Earlier this year, Demand a Plan highlighted a report from Statistics Canada released in February 2019, which showed that seniors are the most charitable Canadians in the country, contributing the highest average donations among all age groups. And it seems that seniors are more than happy to be just as charitable with their time as they are with their money.
Canadian seniors love to give back. Maintaining a sense of purpose can be difficult as a person gets older; retiring from work, downsizing their home, and changes to financial and physical independence are just a few examples of the many adjustments that come with aging, which can affect a person’s sense of meaning and identity. Volunteering is a way for seniors to retain a sense of self and to continue to cultivate meaning in their lives; Canadian seniors are volunteering in record numbers and making large contributions to charitable causes, remaining involved and engaged with their communities.
Revera is a Canadian senior and retirement home care facility with locations across the country, and they also release reports on aging, dealing with a variety of themes. This year, Revera’s report was about “living a life of purpose.” The report found that nine in 10 older Canadians support charities or causes that are important to them, whether that means volunteering with religious groups and health charities, participating in councils or taking advantage of advocacy opportunities to speak up for other seniors.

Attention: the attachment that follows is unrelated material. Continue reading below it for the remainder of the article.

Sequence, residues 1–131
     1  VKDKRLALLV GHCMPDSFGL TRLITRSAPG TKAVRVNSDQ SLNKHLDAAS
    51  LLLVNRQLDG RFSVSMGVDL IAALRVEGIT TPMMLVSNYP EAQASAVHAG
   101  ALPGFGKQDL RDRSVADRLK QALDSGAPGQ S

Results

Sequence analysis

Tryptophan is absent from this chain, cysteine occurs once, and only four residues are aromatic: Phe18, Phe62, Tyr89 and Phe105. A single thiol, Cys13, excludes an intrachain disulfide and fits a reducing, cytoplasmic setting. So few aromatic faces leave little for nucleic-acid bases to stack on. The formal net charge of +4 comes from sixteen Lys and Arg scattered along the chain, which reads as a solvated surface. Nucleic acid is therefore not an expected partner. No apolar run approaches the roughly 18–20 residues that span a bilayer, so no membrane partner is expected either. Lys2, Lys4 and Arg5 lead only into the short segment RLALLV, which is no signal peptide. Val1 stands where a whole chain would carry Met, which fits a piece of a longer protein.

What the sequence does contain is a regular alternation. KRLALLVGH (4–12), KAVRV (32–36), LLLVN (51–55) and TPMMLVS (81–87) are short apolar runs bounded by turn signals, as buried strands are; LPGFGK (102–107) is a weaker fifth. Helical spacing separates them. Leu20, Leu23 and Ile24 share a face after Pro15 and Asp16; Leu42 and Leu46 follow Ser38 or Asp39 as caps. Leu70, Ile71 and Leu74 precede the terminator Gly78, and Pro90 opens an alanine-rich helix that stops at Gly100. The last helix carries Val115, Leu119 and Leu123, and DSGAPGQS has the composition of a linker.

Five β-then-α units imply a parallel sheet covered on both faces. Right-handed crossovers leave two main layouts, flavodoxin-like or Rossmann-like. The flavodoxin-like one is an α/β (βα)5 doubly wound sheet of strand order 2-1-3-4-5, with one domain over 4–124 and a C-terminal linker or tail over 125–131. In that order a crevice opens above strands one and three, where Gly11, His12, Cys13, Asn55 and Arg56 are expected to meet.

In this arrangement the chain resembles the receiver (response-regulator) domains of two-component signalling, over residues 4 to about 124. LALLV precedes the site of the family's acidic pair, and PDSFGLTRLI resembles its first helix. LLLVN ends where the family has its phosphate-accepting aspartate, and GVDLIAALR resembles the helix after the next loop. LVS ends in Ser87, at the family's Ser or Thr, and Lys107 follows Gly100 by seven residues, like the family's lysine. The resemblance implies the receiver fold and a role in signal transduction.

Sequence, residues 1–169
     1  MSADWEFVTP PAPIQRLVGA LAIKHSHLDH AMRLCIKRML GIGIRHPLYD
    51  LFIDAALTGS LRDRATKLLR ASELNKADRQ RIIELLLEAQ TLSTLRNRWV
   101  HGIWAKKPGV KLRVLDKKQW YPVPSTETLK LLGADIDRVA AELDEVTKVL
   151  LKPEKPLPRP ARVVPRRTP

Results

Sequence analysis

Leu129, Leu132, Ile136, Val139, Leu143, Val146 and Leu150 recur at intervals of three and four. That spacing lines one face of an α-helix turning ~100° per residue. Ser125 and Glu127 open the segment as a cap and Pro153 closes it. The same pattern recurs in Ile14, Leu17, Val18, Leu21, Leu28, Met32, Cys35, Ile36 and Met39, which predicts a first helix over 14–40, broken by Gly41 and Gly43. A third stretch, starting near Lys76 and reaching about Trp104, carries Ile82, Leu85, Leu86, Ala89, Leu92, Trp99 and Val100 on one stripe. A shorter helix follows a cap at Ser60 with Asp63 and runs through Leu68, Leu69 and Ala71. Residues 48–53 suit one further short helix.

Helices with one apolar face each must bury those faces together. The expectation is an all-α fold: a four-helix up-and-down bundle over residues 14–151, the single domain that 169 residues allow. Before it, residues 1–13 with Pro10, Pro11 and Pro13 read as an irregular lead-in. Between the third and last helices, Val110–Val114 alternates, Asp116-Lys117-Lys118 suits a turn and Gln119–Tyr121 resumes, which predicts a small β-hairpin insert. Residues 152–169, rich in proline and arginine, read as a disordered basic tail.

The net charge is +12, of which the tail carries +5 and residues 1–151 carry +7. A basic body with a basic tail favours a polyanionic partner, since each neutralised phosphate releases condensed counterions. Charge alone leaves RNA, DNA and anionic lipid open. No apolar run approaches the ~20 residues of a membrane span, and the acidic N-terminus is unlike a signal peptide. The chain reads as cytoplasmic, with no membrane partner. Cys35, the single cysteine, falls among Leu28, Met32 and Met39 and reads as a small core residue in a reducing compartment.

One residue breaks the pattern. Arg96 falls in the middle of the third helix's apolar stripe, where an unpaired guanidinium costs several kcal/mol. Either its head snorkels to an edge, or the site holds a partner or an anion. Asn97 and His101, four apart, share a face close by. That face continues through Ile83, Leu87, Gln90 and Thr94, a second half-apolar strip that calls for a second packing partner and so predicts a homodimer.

Violette Hiebert, executive director of St. Lawrence Place, a Revera community, recently told a Kingston community newspaper, “These are people who have seen so much change throughout their lives. We need to recognize that these people have seen so much more than what we have, and we have to create a space where they can thrive and continue to live their purpose, even in older age.”
Older Canadians have witnessed a great deal over the course of their lifetimes, and that puts them in a unique position to effect meaningful change for the future. Revera’s report stressed that the life experience of seniors makes them “drivers of great change” in society. Seniors want to have a role in making the world a better place for future generations. As Hiebert pointed out, “We have a lot to learn from them. … What information can we learn from them about what the world looked like when they were our age? What does life look like for them now? Their life isn’t over just because they’ve hit that 65-year mark.”
To read Revera’s full report on seniors living a life of purpose, click here.